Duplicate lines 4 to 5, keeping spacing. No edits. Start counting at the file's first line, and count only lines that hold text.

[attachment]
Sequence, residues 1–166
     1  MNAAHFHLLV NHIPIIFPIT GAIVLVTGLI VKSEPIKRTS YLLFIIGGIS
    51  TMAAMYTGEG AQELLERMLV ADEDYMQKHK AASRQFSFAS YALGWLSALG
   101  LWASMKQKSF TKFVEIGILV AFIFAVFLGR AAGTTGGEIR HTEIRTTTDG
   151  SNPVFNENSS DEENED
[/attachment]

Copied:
   101  LWASMKQKSF TKFVEIGILV AFIFAVFLGR AAGTTGGEIR HTEIRTTTDG
   151  SNPVFNENSS DEENED